Appears in
On Food and Cooking

By Harold McGee

Published 2004

  • About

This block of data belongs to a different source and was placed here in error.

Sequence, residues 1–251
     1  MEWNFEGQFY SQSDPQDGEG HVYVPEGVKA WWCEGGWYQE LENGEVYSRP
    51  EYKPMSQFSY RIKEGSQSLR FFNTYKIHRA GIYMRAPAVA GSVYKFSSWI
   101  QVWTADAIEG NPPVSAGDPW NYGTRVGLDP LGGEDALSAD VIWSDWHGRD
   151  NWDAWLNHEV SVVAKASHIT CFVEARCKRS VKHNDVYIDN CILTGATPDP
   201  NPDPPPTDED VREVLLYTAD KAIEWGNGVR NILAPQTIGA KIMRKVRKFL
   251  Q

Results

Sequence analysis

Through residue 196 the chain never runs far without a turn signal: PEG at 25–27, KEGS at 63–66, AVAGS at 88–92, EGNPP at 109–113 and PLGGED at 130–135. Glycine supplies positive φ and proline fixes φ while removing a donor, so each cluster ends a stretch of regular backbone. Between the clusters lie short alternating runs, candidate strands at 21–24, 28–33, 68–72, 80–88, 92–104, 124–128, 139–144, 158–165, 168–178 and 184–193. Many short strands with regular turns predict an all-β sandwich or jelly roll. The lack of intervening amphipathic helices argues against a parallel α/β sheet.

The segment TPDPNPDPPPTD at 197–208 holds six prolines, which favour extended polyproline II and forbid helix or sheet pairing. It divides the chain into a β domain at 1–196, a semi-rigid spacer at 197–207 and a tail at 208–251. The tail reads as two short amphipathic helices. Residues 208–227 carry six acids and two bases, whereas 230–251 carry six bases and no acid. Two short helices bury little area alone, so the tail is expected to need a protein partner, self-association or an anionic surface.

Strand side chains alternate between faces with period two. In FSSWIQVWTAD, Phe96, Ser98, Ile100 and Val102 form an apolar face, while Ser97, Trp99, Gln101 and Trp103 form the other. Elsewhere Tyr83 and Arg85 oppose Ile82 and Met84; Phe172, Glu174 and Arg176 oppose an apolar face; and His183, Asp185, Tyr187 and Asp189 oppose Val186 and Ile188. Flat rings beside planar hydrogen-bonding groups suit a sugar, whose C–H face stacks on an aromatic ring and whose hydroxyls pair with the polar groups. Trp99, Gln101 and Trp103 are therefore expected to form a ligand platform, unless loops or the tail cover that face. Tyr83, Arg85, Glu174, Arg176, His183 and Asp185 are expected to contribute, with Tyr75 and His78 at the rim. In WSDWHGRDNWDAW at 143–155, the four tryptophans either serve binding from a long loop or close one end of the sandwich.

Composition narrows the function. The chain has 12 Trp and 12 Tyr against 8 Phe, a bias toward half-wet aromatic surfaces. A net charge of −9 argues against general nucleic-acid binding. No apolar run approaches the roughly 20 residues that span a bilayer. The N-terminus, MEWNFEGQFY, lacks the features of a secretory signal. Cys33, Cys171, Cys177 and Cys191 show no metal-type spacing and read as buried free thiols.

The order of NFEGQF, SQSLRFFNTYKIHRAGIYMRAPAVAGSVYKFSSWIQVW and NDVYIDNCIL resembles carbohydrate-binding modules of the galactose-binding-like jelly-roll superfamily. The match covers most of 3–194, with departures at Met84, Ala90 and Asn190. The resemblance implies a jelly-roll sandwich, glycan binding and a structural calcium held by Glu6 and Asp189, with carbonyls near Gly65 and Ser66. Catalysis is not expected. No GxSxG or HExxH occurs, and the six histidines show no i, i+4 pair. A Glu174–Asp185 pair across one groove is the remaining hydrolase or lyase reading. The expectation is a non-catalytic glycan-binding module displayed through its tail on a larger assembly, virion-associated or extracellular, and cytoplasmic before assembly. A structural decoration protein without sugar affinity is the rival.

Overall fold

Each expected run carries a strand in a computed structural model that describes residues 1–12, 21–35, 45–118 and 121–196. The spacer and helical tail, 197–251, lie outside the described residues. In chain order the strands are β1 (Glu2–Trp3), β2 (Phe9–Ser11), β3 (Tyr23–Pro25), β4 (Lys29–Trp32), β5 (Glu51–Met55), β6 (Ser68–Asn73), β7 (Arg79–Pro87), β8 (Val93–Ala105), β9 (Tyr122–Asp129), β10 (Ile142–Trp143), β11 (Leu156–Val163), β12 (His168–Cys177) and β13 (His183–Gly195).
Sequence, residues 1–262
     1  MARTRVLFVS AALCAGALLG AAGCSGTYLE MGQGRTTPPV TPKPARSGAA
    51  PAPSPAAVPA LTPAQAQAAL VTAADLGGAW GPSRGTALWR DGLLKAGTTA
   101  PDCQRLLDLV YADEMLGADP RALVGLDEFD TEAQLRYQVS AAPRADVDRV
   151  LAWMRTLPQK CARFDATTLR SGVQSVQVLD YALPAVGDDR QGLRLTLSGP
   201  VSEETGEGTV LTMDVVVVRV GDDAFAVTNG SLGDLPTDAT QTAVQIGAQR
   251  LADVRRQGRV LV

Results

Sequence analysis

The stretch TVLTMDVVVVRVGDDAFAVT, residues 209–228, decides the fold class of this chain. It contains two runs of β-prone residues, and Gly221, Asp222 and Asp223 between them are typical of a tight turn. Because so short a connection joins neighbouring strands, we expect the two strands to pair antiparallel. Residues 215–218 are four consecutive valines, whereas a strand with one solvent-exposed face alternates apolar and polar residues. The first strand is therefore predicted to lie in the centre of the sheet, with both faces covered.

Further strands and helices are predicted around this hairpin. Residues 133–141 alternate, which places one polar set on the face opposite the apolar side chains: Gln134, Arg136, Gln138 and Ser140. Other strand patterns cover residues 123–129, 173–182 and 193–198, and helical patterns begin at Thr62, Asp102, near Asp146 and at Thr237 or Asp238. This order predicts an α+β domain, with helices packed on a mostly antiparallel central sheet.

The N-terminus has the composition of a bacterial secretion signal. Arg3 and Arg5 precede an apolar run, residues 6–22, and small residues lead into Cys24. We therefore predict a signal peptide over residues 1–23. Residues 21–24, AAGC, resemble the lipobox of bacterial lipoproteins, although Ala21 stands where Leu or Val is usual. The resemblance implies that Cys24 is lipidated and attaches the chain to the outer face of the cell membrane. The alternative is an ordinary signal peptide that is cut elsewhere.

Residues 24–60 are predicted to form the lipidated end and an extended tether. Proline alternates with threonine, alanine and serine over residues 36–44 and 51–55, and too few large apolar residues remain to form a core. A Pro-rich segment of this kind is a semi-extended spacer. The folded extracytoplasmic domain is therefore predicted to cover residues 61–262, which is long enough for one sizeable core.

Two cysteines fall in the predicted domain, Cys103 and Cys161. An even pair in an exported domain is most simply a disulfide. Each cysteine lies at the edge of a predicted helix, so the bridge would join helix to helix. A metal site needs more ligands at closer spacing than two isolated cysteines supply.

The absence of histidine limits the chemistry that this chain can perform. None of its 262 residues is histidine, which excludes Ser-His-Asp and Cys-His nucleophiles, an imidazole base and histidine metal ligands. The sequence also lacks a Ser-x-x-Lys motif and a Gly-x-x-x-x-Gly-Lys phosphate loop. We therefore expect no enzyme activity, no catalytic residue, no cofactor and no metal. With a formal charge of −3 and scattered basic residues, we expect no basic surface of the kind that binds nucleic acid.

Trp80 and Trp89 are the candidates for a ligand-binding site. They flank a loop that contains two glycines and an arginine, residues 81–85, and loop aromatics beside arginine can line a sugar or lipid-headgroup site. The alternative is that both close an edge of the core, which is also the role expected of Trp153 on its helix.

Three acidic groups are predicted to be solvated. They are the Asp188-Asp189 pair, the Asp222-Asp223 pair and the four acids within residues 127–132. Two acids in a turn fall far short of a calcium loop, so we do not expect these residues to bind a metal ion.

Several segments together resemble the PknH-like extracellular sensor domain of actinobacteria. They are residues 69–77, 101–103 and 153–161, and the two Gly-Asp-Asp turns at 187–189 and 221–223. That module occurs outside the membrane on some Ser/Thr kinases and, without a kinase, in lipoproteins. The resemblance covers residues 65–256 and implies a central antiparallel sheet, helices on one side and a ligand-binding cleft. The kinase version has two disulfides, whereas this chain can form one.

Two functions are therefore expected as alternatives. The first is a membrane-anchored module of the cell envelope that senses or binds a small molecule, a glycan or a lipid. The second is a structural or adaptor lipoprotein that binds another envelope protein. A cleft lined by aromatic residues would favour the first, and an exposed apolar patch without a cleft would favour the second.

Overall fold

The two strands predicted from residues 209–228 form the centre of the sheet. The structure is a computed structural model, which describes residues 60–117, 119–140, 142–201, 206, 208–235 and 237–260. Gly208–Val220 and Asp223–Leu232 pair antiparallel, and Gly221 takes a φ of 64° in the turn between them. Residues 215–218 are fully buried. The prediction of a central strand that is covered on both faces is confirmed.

Pure cocoa liquor has a concentrated chocolate taste, and may be hardened and packaged as is for use in baked goods. But its flavor is relatively rough, bitter, and astringent and acidic. To make it into something not only edible but delicious, manufacturers add a few other ingredients: sugar for dark chocolate, sugar and dry milk solids for milk chocolate, some vanilla (the whole bean, or an extract, or artificial vanillin), and a supplement of pure cocoa butter. And they subject the mixture to an extended agitation called conching, a process named after the shell-like shape of the first machines. Conches rub and smear the mixture of cocoa liquor, sugar, and milk solids against a solid surface. The combination of friction and supplemental heat raises the temperature of the mass to 115–175°F/45–80°C (milk chocolate is kept at 110–135°F/43–57°C). Depending on the machine and manufacturer, conching may last for 8 to 36 hours.